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Google Keep

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This is free organization system has made this organization freak a very happy woman. If you have a google account, you can go here:  https://keep.google.com/ and sort your life out. :p

There’s labels, which work as folders, and within these labels you can have infinitely large post-its that can fit as much information as you like on it. I’d previously been using Work-Flowy for my to-do lists, but it’s not as visually attractive, and doesn’t have all the feature of Keep – you can set reminders for your lists that will sync up with google calendar.

I don’t know if I’m doing a good job of explaining it – but please take my babbling as a sign of a person deeply impressed and happy with the product.

7cups. com – free and paid online counseling For when you need help and guidance. I’ve only used the free counseling, and been content with it – considering shelling out for the paid.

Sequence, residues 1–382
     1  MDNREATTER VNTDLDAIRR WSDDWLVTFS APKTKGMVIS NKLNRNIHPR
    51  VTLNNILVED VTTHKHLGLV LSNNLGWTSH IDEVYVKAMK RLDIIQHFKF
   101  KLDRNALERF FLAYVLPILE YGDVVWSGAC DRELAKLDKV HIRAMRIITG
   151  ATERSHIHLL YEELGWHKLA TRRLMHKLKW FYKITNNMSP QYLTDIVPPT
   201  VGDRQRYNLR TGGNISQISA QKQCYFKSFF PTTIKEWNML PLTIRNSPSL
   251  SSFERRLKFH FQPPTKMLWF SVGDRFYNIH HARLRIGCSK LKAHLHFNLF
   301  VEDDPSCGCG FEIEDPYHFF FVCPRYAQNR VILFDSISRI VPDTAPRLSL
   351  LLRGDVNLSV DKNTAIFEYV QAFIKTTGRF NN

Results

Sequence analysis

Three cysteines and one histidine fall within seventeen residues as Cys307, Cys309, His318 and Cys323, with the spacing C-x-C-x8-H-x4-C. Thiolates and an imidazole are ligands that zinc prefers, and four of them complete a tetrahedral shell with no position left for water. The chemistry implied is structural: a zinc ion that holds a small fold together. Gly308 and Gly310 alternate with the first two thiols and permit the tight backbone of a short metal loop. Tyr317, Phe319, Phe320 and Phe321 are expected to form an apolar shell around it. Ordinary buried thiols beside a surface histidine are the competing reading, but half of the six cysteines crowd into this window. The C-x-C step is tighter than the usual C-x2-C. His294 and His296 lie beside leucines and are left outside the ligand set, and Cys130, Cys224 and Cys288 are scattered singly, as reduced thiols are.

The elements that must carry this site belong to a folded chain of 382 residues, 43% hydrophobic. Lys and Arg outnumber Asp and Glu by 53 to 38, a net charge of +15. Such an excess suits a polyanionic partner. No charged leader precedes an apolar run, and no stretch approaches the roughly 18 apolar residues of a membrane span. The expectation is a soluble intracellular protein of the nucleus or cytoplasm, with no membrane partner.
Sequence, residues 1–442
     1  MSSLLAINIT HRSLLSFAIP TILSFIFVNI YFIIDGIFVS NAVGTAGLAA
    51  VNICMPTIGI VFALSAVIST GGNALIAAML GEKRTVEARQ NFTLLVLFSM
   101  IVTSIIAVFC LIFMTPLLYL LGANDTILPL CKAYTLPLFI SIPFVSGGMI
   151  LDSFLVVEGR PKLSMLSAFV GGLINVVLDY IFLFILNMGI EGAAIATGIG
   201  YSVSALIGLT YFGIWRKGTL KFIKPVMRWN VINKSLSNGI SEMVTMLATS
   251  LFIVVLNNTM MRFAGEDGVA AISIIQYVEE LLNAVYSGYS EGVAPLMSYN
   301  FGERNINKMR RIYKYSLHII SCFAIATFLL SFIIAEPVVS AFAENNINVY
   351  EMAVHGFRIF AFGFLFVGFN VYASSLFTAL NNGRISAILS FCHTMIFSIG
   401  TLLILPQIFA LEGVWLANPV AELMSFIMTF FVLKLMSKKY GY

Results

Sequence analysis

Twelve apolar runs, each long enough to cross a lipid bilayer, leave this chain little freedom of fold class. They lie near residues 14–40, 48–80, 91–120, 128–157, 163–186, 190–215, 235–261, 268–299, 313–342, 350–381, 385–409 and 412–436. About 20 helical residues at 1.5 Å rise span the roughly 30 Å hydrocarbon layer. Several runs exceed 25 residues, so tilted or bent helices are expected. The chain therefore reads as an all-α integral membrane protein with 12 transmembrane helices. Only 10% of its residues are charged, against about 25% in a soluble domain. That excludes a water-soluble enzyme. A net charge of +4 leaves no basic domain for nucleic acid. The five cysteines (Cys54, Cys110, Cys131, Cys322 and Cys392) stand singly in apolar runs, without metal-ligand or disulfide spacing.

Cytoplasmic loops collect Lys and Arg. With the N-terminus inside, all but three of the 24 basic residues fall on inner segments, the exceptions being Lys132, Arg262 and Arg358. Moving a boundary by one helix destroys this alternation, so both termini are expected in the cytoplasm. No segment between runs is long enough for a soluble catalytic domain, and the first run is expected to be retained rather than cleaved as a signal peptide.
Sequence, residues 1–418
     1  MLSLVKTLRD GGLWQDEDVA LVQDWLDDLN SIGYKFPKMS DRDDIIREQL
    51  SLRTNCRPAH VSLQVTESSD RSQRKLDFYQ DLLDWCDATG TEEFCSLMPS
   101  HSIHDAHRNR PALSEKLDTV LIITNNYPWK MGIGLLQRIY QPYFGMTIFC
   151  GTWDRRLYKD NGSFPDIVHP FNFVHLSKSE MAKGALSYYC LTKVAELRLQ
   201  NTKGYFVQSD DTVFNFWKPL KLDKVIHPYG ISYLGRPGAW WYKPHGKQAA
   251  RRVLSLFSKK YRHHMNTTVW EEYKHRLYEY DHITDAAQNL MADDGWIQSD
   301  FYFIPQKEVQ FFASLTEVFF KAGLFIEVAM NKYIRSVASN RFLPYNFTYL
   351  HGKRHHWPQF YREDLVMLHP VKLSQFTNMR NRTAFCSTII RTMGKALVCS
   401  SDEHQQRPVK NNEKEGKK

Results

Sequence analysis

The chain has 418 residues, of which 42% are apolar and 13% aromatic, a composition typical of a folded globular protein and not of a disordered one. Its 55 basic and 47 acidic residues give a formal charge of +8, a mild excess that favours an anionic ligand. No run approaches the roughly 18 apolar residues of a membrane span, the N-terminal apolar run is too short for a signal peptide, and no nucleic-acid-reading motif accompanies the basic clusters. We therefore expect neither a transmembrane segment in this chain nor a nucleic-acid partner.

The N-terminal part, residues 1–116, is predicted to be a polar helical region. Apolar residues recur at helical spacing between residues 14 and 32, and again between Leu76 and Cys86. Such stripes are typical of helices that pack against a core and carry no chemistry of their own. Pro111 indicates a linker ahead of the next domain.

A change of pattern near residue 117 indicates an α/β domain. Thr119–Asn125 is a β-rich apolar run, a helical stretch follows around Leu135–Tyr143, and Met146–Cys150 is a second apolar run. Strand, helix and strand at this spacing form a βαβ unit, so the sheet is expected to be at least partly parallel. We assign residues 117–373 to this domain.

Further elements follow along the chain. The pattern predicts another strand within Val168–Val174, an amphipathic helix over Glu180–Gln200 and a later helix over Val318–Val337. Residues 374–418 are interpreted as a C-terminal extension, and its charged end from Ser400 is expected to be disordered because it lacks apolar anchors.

GreaterGood – The Science of a Meaningful Life Science on leading a better, more meaningful like from Berkely university.

Attachment Theory in Infants & Adult Love Relationships

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My psychology instructor is going to know more about me than most of my friends/lovers ever have by the end of this semester, lol.

Okay, if you’ve not taken a basic psychology class, there are three types of attachment styles to primary caregivers shown by infants according to John Bowlby, whose theory was tested by Mary Ainsworth. Which means babies show one of three reactions to being separated from mommy/daddy:

  1. Secure: The baby is disturbed when the parent leaves, but easily comforted upon return. (Mommy leaves baby alone in strange laboratory, baby cries. Mommy comes back and soothes baby and everything is fine.)
  2. Anxious Resistant: The baby cries when Daddy leaves, and is inconsolable when Daddy tries to comfort baby. It’s as if baby is trying to punish Daddy!